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© 2014,Wotton CJ, et al. Postgrad Med J. All rghts reserved. Results The risk ratio for dementia in people admitted to hospital with obesity aged 30–39 years was significantly increased at 3.5 (95% CI 2.1 to 5.6). Risk ratios for dementia then gradually reduced with increasing age at obesity from 1.7 (95% CI 1.3 to 2.2) in people aged 40–49 years when obesity was first recorded to 1.4 (95% CI 1.3 to 1.5) in those aged 60– 69 years. People in their 70s when obesity was recorded had neither an increased nor a reduced risk of subsequent dementia at 0.97 (95% CI 0.93 to 1.01), and those aged ≥80 years had a reduced risk of subsequent dementia at 0.78 (95% CI 0.74 to 0.82). Conclusions Obesity is associated with a risk of dementia in a way that appears to vary with age. Investigation of the mechanisms mediating this association might give insights into the biology of both conditions. Objective Obesity in mid-life may increase the risk of subsequent dementia. Our objective was to study this risk, focusing on differences by age at the time of recording of obesity, in a large defined population. Methods A record linkage cohort study was undertaken using national administrative statistical data on hospital care and mortality in England, 1999–2011. A cohort of 451 232 people with obesity and a control cohort was constructed. Results were expressed as agespecific risk ratios comparing the two cohorts.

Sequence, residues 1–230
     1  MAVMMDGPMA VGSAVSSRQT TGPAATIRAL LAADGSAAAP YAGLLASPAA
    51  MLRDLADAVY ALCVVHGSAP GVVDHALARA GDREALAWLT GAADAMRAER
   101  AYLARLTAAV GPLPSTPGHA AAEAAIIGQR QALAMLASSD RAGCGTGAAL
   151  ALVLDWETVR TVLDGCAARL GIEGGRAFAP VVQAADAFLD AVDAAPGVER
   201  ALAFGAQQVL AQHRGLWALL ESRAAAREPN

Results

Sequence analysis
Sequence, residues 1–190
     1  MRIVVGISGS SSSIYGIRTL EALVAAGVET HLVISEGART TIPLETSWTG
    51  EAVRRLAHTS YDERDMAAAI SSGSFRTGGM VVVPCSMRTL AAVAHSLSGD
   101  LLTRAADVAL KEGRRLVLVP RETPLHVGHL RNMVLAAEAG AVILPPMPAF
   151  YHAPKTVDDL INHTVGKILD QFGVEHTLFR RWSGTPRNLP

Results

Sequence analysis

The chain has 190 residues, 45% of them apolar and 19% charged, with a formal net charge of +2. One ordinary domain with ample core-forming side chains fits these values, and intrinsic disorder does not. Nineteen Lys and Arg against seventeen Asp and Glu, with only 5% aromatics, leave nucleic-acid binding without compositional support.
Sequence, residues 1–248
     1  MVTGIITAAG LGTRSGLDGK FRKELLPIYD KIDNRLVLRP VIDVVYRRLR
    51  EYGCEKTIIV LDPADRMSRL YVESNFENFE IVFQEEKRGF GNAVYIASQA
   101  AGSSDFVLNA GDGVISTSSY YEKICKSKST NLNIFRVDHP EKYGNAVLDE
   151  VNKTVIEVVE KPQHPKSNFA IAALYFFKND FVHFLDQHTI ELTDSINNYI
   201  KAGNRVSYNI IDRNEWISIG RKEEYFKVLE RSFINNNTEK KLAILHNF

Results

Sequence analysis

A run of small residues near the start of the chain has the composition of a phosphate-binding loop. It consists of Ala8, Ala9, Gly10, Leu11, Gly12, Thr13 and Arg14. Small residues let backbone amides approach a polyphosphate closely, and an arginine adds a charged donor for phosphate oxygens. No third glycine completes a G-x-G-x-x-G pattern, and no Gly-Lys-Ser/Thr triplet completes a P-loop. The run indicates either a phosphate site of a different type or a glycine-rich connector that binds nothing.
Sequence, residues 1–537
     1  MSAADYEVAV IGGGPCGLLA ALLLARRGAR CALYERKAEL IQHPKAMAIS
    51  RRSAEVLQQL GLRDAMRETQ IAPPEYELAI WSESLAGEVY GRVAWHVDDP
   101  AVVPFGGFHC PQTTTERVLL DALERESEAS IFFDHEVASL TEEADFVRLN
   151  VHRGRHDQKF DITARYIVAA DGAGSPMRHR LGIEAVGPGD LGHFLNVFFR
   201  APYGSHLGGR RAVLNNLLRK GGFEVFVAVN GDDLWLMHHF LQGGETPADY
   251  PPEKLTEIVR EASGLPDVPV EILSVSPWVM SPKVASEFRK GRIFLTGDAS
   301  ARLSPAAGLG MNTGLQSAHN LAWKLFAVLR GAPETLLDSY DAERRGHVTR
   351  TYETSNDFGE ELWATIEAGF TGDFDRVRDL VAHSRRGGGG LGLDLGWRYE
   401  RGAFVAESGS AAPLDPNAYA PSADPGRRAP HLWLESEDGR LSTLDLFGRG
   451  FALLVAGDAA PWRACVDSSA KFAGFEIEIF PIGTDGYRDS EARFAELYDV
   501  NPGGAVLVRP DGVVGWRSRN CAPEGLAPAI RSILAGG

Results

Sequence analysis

Original publication

DOI

10.1136/postgradmedj-2014-132571

Type

Journal article

Journal

Postgraduate Medical Journal

Publication Date

01/10/2014

Volume

90

Pages

547 - 551